Hello,

I want to know what is the different between Laplace transform and Fourier transform?

Can anyone show me? and help me about it?

- Dec 28th 2010, 06:51 PMHamedLaplace transform and Fourier transform what is the different?
Hello,

I want to know what is the different between Laplace transform and Fourier transform?

Can anyone show me? and help me about it? - Dec 28th 2010, 06:58 PMBruno J.
Well, for one, they don't have the same definition. What else do you want to know? You have to be specific.

- Dec 28th 2010, 07:28 PMChris L T521
They have a different kernel. In Laplace, the kernel is $\displaystyle e^{-st}$. In Fourier, the kernel is $\displaystyle e^{-2\pi i x t}$

Also, they are defined over different domains. Laplace is calculated for $\displaystyle t>0$, where as in Fourier, $\displaystyle t\in(-\infty,\infty)$.

As Bruno said, please be more specific in what you're asking. These are just a couple of the differences between these two transforms. - Dec 28th 2010, 11:30 PMHamed
My master told me they are same frequency domain and I said no they are different and Fourier is frequency domain!

What is Laplace domain? - Dec 29th 2010, 01:35 AMCaptainBlack
For an absolutely integrable real function $\displaystyle f(x)$ which is zero for all $\displaystyle x<0$, then $\displaystyle (Ff)(\omega)=(Lf)(i \omega)$ (assuming I have done the algebra right and give or take a multiplicative constant due to how the FT is defined)

CB - Dec 29th 2010, 03:29 AMHamed
Your are right!

But I need show diffrent

In wiki I read this :

Quote:

The Laplace transform is related to the Fourier transform, but whereas the Fourier transform resolves a function or signal into its modes of__vibration__, the Laplace transform resolves a function into its__moments__. Like the Fourier transform, the Laplace transform is used for solving differential and integral equations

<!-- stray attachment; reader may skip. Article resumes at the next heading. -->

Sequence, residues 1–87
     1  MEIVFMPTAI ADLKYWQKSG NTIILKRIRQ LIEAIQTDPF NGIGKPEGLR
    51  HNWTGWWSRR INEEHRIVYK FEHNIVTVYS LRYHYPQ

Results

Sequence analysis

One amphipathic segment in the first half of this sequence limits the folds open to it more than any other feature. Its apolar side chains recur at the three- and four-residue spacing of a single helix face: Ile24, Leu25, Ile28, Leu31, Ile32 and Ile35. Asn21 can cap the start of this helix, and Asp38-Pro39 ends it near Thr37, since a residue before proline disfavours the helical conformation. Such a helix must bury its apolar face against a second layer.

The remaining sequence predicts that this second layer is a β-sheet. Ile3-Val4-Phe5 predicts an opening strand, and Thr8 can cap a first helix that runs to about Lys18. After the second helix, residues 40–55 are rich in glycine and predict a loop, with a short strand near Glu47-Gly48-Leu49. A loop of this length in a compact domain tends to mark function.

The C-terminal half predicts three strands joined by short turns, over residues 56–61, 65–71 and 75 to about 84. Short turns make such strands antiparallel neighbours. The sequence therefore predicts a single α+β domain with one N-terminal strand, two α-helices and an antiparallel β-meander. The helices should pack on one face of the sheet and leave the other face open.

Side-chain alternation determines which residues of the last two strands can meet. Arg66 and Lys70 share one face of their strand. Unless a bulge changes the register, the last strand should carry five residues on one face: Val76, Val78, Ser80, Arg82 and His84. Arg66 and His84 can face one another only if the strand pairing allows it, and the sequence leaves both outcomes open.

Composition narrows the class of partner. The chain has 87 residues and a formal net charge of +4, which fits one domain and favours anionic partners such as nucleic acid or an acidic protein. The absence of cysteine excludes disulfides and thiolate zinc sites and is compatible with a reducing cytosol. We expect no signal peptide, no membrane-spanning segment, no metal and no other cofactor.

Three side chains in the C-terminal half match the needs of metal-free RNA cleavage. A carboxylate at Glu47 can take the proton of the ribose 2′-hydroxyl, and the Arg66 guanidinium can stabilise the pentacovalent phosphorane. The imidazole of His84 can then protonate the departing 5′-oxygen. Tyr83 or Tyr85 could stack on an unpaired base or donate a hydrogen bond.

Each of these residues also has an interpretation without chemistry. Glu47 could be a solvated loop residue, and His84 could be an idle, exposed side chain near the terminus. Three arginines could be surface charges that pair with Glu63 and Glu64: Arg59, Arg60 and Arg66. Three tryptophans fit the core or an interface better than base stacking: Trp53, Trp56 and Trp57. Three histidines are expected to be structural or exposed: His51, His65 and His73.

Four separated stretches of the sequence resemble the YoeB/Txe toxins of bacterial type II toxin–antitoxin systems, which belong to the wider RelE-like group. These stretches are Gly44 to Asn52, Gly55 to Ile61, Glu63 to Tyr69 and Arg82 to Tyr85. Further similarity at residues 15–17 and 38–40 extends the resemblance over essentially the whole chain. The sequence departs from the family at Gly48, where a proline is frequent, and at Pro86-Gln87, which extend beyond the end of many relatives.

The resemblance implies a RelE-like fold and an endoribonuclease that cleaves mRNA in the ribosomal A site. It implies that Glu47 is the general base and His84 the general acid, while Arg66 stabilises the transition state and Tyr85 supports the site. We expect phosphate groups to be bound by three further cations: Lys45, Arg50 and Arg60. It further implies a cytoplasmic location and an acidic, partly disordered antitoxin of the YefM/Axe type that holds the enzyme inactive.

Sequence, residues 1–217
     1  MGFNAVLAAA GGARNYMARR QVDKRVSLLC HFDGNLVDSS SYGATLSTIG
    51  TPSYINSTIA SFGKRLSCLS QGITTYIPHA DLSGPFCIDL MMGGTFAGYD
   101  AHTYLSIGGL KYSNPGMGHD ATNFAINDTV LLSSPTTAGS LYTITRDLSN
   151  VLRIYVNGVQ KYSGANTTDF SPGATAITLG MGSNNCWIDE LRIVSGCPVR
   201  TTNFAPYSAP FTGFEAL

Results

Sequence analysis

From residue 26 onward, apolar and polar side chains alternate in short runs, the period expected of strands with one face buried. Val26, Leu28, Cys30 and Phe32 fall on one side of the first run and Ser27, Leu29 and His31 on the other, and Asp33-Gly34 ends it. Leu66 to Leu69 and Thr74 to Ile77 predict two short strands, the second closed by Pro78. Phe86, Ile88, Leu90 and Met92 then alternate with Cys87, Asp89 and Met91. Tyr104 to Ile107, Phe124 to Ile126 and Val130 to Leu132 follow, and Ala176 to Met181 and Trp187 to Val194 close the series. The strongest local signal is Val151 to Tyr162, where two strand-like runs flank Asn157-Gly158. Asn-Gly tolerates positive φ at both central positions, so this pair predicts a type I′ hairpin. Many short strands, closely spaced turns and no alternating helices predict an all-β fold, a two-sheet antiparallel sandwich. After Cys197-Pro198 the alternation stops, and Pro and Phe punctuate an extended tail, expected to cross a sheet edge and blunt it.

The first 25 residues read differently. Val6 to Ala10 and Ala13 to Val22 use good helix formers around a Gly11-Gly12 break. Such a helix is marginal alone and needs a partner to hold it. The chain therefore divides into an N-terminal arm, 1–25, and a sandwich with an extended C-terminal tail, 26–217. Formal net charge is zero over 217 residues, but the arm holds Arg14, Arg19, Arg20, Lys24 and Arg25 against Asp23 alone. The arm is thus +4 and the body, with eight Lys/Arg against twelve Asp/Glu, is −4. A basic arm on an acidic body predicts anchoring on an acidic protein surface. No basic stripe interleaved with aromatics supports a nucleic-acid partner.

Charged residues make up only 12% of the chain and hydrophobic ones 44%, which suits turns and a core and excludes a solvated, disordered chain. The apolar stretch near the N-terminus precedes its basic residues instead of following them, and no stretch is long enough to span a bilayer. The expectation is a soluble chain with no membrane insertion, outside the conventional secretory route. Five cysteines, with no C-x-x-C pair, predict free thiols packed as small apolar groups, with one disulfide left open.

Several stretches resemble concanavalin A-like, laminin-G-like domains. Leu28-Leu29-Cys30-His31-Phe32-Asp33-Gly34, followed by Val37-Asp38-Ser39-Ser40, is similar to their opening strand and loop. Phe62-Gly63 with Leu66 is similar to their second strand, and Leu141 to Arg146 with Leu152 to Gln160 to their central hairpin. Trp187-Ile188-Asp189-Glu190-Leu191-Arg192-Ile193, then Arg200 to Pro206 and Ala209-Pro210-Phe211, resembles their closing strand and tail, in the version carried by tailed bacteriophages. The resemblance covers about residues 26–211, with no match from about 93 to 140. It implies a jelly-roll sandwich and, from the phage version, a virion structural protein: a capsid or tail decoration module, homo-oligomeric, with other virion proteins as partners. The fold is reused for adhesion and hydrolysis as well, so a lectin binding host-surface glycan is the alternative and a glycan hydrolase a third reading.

- Dec 29th 2010, 09:53 AMCaptainBlack
Exactly what do you not understand in the phrase "the Fourier transform resolves a function or signal into its modes of vibration"?

And the phrase "the Laplace transform resolves a function into its moments" (you can Google for the definition of what the moments of a function are if need be)

Both are of use in differential equations because of the relationship between the FT and LT of a derivative and the function itself, and certain other properties which the two transforms have in common such as the convolution theorems, ...

CB - Dec 29th 2010, 07:55 PMHamed
**vibration**and**moments**I can not find exact defenation! - Dec 29th 2010, 10:51 PMCaptainBlack
The Fourier transform gives a representation of a function in terms of a linear supposition of sinusoids, that it analyses the function/signal into vibrational components.

The Laplace transform is related to the moment generating function, and allows the generation of the moments when they exist (in fact they both do).

CB